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Core i5-750 vs. i7-920

By myrmidonks ยท 22 replies
Mar 13, 2010
  1. My friend has an i7-920 and I have a i5-750 and both are standard non-overclocked standard processors. He says that even though they both operate at 4x2.66 Ghz, that his is better just because it is an i7 processor. Does anyone know the advantages or disadvantages of either cpu? I am just curious as to why intel made two products that have the same amount of cores and clock speed. If we were to overclock them, Is there an advantage to either one? Thanks in advance.
  2. nik11105

    nik11105 TS Enthusiast Posts: 74

    The differec is in the hyperthreading. The i7 has 4 cores and an extra 4 because of hyperthreading while the i5 has not hyperthreading. In theory the i7 should be able to handle every day tasks and gaming better than the i5.
  3. captaincranky

    captaincranky TechSpot Addict Posts: 12,494   +2,293

    All of this depends on whether you're willing to spend for the more expensive LGA 1366 motherboard and triple channel RAM.

    I suppose the short answer is, it should be better it costs a bunch more.

    The i5-750 / P-55 LGA1156 platform seems to be regarded as the most attractive cost versus performance packages available .

    That said, you can check out some testing yourself here: http://techreport.com/articles.x/18448

    Ironically, an i3-530, it has been reported, will clean both their clocks so to speak, in certain tests, while running well overclocked, as opposed to the other two CPUs at stock.
  4. myrmidonks

    myrmidonks TS Rookie Topic Starter Posts: 48

    What exactly doss hyerthreading do? Does it improve performance somehow? Or is it just something that make the CPU like 8 cores at 2.66 ghz each? Also does hyperhreading apply to all applications? I dont think there are many things that are designed to run with 8 cores ao to speak so is this a real advantage? And as said above, the core i3 seems to have a lot of overclocking potential. How much more/less can an i7 be overclocked than an i5? Thanks again.
  5. captaincranky

    captaincranky TechSpot Addict Posts: 12,494   +2,293

    Hyperthreading is sort of a "faked" extra core. For many intents and purposes, the i3-530 presents itself as a quad core. You're right about most programs not being able to take advantage of "8" cores ( cores w/HT) most of them don't get past two.

    The necessity for pursuit of absolute performance depends largely on need. In games, after a certain point, the players ability begins to determine outcome as much as the equipment. This makes sense that given the identical computers, one on one, there will likely be a winner, not a tie.

    Very heavy CPU usage occurs in full hi-def video rendering. And no I don't mean "advanced analysis" in Nero. I mean compiling footage from Adobe Premier Pro or similar. The very fastest machines can render in real time, while an old P-4 would have your footage sometime around next Tuesday.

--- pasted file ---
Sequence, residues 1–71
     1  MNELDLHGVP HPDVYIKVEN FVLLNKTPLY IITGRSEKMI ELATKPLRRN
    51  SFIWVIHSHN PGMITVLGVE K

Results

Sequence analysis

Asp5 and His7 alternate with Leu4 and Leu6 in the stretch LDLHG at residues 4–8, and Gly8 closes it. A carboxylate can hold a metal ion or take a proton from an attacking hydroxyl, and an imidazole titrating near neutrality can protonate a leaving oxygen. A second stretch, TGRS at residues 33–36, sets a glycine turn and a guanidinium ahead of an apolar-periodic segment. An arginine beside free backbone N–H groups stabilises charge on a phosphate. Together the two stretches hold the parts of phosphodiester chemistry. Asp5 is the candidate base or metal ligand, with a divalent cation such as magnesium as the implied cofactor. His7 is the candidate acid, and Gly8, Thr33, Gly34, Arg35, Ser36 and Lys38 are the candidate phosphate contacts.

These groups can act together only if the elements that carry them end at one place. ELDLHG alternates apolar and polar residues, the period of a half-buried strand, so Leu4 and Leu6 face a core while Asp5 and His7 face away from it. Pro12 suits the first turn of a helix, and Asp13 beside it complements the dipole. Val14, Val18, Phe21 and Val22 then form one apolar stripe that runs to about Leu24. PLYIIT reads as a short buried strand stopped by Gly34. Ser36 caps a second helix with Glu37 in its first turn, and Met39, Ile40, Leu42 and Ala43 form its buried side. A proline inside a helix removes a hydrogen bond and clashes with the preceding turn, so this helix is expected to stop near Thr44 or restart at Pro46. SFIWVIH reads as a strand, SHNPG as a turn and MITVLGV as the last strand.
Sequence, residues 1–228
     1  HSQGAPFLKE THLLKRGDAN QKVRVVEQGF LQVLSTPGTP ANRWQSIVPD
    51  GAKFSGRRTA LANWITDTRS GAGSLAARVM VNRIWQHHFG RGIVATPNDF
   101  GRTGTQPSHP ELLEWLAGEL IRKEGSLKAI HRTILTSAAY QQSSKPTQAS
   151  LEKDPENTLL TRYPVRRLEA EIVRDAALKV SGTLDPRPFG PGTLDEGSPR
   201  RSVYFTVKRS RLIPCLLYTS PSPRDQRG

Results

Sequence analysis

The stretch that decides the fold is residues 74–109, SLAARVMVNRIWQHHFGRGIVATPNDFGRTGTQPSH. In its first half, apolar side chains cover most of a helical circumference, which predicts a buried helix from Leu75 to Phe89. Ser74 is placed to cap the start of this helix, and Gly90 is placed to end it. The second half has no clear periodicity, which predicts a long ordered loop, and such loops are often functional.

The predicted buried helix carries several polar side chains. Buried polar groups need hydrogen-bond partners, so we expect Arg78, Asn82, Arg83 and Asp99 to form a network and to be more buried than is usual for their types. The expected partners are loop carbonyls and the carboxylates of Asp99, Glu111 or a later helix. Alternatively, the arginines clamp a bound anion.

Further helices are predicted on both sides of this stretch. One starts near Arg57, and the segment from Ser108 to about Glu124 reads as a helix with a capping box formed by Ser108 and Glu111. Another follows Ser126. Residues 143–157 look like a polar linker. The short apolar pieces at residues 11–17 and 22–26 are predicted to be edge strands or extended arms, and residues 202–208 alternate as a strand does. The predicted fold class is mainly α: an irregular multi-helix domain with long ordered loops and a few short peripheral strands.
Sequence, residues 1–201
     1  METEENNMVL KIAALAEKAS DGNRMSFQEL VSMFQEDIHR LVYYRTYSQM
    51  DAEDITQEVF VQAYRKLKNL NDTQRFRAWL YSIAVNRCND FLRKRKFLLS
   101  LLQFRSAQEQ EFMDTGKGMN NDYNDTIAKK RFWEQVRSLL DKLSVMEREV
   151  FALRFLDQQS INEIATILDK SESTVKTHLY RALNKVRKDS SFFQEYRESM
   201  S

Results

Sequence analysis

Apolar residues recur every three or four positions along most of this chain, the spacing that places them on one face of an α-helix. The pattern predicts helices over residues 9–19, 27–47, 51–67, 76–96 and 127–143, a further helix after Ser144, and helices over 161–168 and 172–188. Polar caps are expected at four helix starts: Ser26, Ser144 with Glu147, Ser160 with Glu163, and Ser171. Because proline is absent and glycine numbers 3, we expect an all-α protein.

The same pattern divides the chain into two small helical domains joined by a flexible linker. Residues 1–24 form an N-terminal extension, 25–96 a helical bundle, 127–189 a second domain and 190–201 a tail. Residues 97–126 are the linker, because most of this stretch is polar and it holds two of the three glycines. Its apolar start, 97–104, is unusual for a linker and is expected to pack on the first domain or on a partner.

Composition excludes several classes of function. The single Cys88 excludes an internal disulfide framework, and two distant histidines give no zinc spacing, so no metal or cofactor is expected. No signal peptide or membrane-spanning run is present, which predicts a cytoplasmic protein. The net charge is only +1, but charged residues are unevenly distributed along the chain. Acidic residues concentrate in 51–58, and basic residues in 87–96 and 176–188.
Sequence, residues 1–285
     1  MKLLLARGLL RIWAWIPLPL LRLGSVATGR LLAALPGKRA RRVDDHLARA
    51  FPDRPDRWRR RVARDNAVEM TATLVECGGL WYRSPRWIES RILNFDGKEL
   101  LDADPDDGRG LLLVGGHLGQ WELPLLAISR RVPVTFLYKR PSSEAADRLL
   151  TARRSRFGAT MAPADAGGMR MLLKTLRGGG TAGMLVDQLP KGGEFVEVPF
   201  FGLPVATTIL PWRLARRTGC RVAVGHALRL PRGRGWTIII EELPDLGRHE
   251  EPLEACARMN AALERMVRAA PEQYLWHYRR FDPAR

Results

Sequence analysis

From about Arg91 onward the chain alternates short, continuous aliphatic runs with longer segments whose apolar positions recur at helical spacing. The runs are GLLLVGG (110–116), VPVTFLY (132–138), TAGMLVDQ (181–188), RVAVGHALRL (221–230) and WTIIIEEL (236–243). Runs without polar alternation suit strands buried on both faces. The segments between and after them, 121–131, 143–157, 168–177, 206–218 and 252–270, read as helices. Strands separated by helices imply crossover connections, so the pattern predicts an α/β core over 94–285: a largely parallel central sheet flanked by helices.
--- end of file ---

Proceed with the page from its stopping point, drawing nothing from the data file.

As to the overclocking question, thus far dual core CPUs seem to reach higher speeds than the quads. For a great while, the E8400 Wolfdale C2D (overclocked), was preferred over a quad for gaming. This was for 2 reasons; 1, higher clock speeds attainable, and 2, the games weren't written for 4 core processors.
  6. Ritwik7

    Ritwik7 TechSpot Chancellor Posts: 1,672   +9

    The i5 750 Vs. i7 920 is a tough call.

    Value for money --> i5 750

    Triple channel memory controller + Hyperthreading --> i7 920

    A lot depends on what you do with the PC. If you run a large number of multi-threaded applications then the i7 series is a winner as HT can make a significant difference. However, for gaming, there is hardly any difference as some CPU limited benchmarks show.

    The overclocking potential of both CPUs is excellent. Solely based on benchmarks and numbers the i7 920 would look to be the winner (not by a lot though). So I think you shouldn't worry about what your friend says. You have a fantastic processor with great VFM that will be good to go for a long time to come. :)
  7. myrmidonks

    myrmidonks TS Rookie Topic Starter Posts: 48

    Thank you captaincranky and ritwik7 for your great explanations. Although my friend defies your testimonies, he now somewhat understands that for our uses of our computers, his CPU does not blow mine away. I think he just wanted to prove that his "baby" is better than mine in someway, because I have the better GPU. He still brings up the argument the argument of overclocking potential, however he will not overclock his CPU until his warranty is expired, as it voids it. I am still curious as to what the difference in overclocking a Lynnfield (i5-750) and a Bloomfield (i7-920) series is. Does the difference in architecture have any impact on attainable speeds? And finally do hyperthreading and (maybe) a higher potential overclock make the i7-920 worth the extra 90$ or so?
  8. klepto12

    klepto12 TechSpot Paladin Posts: 1,115   +9

    just to let you know with the same cooling solution the 750 will overclock just as much as the 920 so your friend really doesnt know what he is talking about also because both cpus will run around 4ghz or a little more with the same cooling also in gaming there is no difference between the two cpus. the only area his cpu is better in is high memory bandwidth and multitasking like converting video or using photoshop and the such his cpu will be better at those but since you have the better video card just overclock your cpu to around 3.5 ghz and watch the fps go up in most games but only do it if you have very good cooling.
  9. hellokitty[hk]

    hellokitty[hk] Hello, nice to meet you! Posts: 3,448   +145

    I would get the i5...i7 920 doesn't hold as much value anymore.
  10. myrmidonks

    myrmidonks TS Rookie Topic Starter Posts: 48